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Music firm eyes greater access to user data

The Yomiuri ShimbunThe Yomiuri Shimbun

Major music company Avex Inc. plans to launch a smartphone-based payment app as early as this summer, giving users points they can exchange for exclusive goods or concert tickets.

The new service is aimed at fostering closer ties with music fans, and Avex will call on other music firms to join in.

Avex’s app is called “entame (entertainment) wallet.” The company will award points based on how much digital cash, called “entame coin,” that users spend at shops or online.

It will also reward people who view footage of their favorite artists or share articles on social networking services. The company plans to allow users to exchange their points for exclusive products or to obtain tickets to music concerts and special events.

Avex is aiming to see payments totaling about ¥450 billion ($4 billion) in 2022.

By giving points, Avex seeks to analyze what fans do and what they’re interested in, so as to expand their business outside selling music. According to sources, Avex will invite other parties, such as music companies and entertainment agencies, to participate in the project. The sources said Avex will not use the customer data exclusively, but will provide it to each partner company.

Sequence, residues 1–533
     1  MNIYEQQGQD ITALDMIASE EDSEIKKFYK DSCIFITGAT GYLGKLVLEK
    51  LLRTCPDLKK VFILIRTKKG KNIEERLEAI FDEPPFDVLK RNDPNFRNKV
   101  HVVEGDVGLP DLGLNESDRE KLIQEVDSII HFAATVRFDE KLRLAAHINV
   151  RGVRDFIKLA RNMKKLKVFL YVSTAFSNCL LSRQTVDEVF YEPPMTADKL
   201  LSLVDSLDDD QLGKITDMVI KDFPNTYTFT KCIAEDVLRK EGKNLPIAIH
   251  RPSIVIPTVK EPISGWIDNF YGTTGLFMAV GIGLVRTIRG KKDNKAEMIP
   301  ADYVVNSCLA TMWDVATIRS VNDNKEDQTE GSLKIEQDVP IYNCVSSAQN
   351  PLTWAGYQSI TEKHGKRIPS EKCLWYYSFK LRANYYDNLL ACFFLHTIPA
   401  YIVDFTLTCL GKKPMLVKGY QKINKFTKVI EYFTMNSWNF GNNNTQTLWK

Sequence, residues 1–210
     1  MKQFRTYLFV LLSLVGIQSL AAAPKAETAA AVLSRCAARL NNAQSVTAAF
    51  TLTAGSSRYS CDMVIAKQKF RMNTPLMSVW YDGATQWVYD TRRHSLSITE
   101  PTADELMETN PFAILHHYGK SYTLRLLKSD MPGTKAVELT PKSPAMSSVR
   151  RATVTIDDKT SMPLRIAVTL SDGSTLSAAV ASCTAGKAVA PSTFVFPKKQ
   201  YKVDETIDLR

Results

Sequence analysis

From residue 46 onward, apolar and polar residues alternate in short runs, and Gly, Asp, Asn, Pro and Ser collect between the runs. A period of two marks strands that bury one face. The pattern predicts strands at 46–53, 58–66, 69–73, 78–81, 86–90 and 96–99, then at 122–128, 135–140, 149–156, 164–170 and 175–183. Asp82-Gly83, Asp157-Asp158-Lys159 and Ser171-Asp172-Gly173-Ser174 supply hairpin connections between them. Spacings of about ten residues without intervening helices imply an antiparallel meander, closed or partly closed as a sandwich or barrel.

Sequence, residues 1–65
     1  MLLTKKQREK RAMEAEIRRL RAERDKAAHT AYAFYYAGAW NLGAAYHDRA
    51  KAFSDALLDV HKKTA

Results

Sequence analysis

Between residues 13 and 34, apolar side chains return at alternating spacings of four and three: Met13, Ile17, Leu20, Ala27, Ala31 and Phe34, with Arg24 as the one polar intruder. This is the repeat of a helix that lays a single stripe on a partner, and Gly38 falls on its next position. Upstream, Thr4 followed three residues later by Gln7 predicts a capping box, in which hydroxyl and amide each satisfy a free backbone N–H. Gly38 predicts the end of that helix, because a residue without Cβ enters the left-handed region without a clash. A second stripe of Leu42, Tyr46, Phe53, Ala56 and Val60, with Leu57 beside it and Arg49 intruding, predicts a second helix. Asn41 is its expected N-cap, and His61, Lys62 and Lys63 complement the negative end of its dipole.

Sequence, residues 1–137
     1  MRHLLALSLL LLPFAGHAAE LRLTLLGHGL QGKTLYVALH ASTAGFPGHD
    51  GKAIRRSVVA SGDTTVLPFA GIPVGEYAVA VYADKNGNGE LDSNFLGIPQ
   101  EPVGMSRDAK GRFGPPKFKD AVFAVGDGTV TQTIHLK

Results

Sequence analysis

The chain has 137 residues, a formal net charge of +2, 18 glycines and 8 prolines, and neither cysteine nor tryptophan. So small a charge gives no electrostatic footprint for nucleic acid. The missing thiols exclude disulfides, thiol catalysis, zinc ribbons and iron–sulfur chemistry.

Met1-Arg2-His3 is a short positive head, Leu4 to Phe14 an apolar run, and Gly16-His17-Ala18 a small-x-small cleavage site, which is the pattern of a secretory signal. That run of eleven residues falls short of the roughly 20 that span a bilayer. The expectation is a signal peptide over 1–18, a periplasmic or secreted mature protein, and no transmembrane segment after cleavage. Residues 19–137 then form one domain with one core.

The project is partly spurred by the sense of crisis in the music industry over the rise of music streaming services. IT giants such as Apple, Amazon and Google offer monthly music subscription services, which have become so popular that domestic sales of music CDs are on a downward trend.

In general, when users listen to music or watch video with a music streaming service, a fee is paid to a music company. The customer data it can obtain, however, is limited to age and gender, which prevents the company from enhancing its marketing based on customer preferences.

“Record companies need to transform their business from selling songs and CDs to offering comprehensive services including managing live performances, selling goods and coordinating events,” a music industry expert at Okasan Securities said.Speech

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